Data from: Noninvasive sampling reveals population genetic structure in the Royle’s pika, Ochotona roylei, in the western Himalaya
Bhattacharyya, Sabuj; Ishtiaq, Farah (2018), Data from: Noninvasive sampling reveals population genetic structure in the Royle’s pika, Ochotona roylei, in the western Himalaya, Dryad, Dataset, https://doi.org/10.5061/dryad.83jm680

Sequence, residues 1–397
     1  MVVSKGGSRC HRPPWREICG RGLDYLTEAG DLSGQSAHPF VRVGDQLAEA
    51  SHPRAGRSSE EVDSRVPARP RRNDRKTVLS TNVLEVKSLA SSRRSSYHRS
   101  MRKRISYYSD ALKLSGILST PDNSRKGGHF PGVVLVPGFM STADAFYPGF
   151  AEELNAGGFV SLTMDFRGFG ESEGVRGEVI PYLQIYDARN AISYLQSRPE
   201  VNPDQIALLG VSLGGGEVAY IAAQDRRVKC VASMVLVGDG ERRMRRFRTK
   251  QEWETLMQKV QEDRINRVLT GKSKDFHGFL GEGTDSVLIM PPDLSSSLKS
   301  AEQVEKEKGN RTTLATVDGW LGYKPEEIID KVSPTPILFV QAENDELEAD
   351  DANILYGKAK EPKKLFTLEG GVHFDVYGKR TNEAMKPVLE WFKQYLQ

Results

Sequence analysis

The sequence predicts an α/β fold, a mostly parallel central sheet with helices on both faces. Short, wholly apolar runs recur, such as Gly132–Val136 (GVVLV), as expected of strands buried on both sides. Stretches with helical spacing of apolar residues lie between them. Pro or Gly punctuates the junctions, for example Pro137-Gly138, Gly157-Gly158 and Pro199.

Understanding population genetic structure of climate-sensitive herbivore species is important as it provides useful insights on how shifts in environmental conditions can alter their distribution and abundance. Herbivore responses to the environment can have a strong indirect cascading effect on community structure. This is particularly important for Royle’s pika (Lagomorpha: Ochotona roylei), a herbivorous talus-dwelling species in alpine ecosystem, which forms a major prey base for many carnivores in the Himalayan arc. In this study, we used seven polymorphic microsatellite loci to detect evidence for recent changes in genetic diversity and population structure in Royle’s pika across five locations sampled between 8 km to 160 km apart in the western Himalaya. Using four clustering approaches, we found the presence of significant contemporary genetic structure in Royle’s pika populations. The detected genetic structure could be primarily attributed to the landscape features in alpine habitat (e.g. wide lowland valleys, rivers) that may act as semi-permeable barriers to gene flow and distribution of food plants, which are key determinants in spatial distribution of herbivores. Pika showed low inbreeding coefficients (FIS) and a high level of pairwise relatedness for individuals within 1km suggesting low dispersal abilities of talus-dwelling pikas. We have found evidence of a recent population bottleneck, possibly due to effects of environmental disturbances (e.g. snow melting patterns or thermal stress). Our results reveal significant evidence of isolation by distance in genetic differentiation (FST range = 0.04−0.19). This is the first population genetics study on Royle’s pika, which helps to address evolutionary consequences of climate change which are expected to significantly affect the distribution and population dynamics in this talus dwelling species.